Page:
In fact, there are very few single-gene mutations linked to type 2 diabetes. Most cases involve multiple gene mutations, and all almost invariably require lifestyle factors such as poor diet, lack of exercise, and obesity for type 2 diabetes to develop.

Because families tend to have similar dietary and lifestyle habits, the familial link to type 2 diabetes is thought to be influenced more by lifestyle than by genes.

Race and Ethnicity

Race and ethnicity can also factor into a person's risk of type 2 diabetes, with people of color disproportionately affected. While culture and lifestyle certainly play a part, some studies suggest the risk goes well beyond just weight or exercise.

According to a 2019 study from the Centers for Disease Control and Prevention (CDC), the rate of type 2 diabetes among racial/ethnic groups in the United States broke down as follows:

  • White people: 12.1%
  • Asian people: 19.1%
  • Black people: 20.4%
  • Latinx people: 22.1%

Metabolic Risk Factors

Hypertension (high blood pressure) and hyperlipidemia (high cholesterol) are hallmark risk factors for many diseases, including type 2 diabetes.Not only do these conditions contribute to the risk of heart disease, stroke, and chronic kidney disease (CKD), but they are also central components of metabolic syndrome.

Metabolic syndrome is a cluster of at least three of the following medical conditions:

  • Abdominal obesity: Defined as a waist circumference of more than 35 inches in females and 40 inches in males
  • Hypertension: Defined as a consistent systolic blood pressure reading of 130 or higher or a diastolic blood pressure reading of 80 or higher
  • Hyperglycemia: Defined as blood glucose levels greater than 125 milligrams per deciliter (mg/dL) while fasting
  • Hypertriglyceridemia: Defined as blood triglyceride levels greater than 200 mg/dL while fasting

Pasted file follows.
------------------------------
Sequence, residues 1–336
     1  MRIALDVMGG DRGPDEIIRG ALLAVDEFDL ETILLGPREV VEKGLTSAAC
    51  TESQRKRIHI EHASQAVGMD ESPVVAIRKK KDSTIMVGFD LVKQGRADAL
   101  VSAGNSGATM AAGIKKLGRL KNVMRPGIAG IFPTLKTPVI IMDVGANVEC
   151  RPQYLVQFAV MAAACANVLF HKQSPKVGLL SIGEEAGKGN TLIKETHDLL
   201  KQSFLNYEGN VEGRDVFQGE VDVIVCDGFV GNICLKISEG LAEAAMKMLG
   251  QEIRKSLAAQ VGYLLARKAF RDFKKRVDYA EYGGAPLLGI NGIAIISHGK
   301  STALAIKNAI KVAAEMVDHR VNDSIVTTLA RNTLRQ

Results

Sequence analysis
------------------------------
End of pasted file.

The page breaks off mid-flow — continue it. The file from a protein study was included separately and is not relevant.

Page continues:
• Low levels of high-density lipoprotein (HDL): Described when "good" HDL cholesterol levels are below 40 mg/dL

Studies suggest that metabolic syndrome increases the risk of type 2 diabetes by five-fold compared to people without metabolic syndrome.

A Word From Verywell

Some risk factors for diabetes such as family history and genetic predisposition may be out of your control, but there's still a lot you can do to help manage your blood sugar and prevent the disease from progressing.

The key is to fully embrace a healthy lifestyle: Work with a nutritionist to make sure you're getting plenty of fiber, healthy fats, and the right nutrients, and find a personal trainer to help you get a fitness regimen that works with your abilities and schedule.

And don't forget about getting plenty of sleep and reducing your stress levels, too, as stress may also play a role in keeping blood sugar balanced.

Frequently Asked Questions

  • What is the most common trigger for type 2 diabetes?

    Type 2 diabetes typically starts with insulin resistance, a condition where the muscle, liver, and fat cells are unable to use insulin efficiently. As a result, the body needs more insulin to get glucose into the cells and over time, the pancreas is unable to keep up. Carrying excess weight and leading a sedentary lifestyle can lead to insulin resistance.

  • Can you get type 2 diabetes at any age?

    Yes, you can develop type 2 diabetes at any age. Even children can develop type 2 diabetes. However, it is more common in people over the age of 45. 

  • Why is age a risk factor for diabetes?

    As our bodies age, two things happen that increase the risk of diabetes: an increase in insulin resistance and a decrease in pancreatic islet cell function. The risk of type 2 diabetes increases at age 45. By age 65, roughly one-third of adults are diagnosed with type 2 diabetes. 

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Verywell Health uses only high-quality sources, including peer-reviewed studies, to support the facts within our articles. Read our editorial process to learn more about how we fact-check and keep our content accurate, reliable, and trustworthy.
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By Debra Manzella, RN
Debra Manzella, MS, RN, is a corporate clinical educator at Catholic Health System in New York with extensive experience in diabetes care.